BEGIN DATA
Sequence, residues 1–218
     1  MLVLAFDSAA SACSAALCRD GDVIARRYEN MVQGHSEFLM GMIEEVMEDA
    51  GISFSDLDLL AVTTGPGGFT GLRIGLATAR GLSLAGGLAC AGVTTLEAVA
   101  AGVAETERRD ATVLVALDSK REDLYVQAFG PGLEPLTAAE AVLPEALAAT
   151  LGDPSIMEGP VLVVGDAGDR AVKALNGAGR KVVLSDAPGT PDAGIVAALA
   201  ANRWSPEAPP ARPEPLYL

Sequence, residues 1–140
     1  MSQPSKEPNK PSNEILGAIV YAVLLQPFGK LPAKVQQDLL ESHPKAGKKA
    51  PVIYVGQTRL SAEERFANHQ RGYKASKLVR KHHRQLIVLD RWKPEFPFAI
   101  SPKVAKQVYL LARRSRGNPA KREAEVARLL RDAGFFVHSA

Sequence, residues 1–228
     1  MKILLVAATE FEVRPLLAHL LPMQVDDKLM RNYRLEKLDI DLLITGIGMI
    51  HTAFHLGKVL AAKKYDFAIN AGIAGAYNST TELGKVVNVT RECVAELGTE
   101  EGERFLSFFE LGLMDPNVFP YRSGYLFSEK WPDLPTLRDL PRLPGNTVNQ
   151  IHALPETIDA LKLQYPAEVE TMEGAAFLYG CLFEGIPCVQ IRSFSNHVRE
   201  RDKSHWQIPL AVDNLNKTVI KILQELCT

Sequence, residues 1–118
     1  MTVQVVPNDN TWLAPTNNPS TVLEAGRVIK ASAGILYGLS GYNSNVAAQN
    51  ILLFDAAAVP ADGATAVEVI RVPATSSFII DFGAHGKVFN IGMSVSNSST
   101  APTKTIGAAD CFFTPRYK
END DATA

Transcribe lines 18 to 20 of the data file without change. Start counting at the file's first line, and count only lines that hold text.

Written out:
     1  MTVQVVPNDN TWLAPTNNPS TVLEAGRVIK ASAGILYGLS GYNSNVAAQN
    51  ILLFDAAAVP ADGATAVEVI RVPATSSFII DFGAHGKVFN IGMSVSNSST
   101  APTKTIGAAD CFFTPRYK